As Harvard Law School Professor Laurence Tribe said:

[Farah's claim] a totally wacky argument, without any conceivable merit. ... The 14th amendment unambiguously and expressly confers U.S. citizenship on everyone ‘born . . . in the United States and subject to the jurisdiction thereof.’ This means that Barack Obama was a U.S. citizen at birth. independent of the citizenship or age of either or both of his biological or adoptive parents.
People have been wondering why the President “gave into” the birthers now. This may explain it:

Slated to be published May 17, Corsi ‘s book on Obama shot to the top of Amazon’s book rankings last week after being featured on the Drudge Report. Farah said there have already been 150,000 advance orders for the book and he ultimately expects to print between 500,000 and 1 million copies …

Farah said he and Corsi also have plotted a major publicity campaign for the book that will start on May 15, with exclusive interviews on Fox News host Sean Hannity’s radio and TV show. …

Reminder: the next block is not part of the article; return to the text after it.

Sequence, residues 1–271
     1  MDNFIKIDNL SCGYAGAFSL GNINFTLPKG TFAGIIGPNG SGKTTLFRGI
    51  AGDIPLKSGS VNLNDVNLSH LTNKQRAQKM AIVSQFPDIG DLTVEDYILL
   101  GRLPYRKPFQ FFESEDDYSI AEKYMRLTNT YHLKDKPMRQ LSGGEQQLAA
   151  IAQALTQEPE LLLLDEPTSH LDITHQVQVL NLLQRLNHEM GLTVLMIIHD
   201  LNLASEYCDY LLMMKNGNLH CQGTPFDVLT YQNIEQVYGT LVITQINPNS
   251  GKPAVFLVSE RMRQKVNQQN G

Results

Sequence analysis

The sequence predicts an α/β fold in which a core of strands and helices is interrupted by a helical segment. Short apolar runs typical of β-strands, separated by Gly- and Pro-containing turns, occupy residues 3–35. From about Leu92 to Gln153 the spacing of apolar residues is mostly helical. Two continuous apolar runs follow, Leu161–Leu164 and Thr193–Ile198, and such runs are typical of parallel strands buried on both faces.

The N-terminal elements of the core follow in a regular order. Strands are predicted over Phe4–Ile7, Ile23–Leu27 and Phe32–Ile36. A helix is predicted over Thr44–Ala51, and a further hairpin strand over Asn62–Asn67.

Even Farah can't shut out the reality “that the book’s title may be 'unfortunate.'” With people such as Ann Coulter already seeing this issue as a loser, the more that this “unfortunate” book is hyped by the rabid right, while also trying to backpedal furiously, the loonier they look. In turn, the the Republican establishment will be either forced to disown the the crazies or risk being tarred with the same brush.

It doesn't hurt that the President gets to stick a thumb in the eye of Corsi, who first garnered headlines in 2004 as one of the architects of the so-called “Swift Boat” attacks on John Kerry’s war record.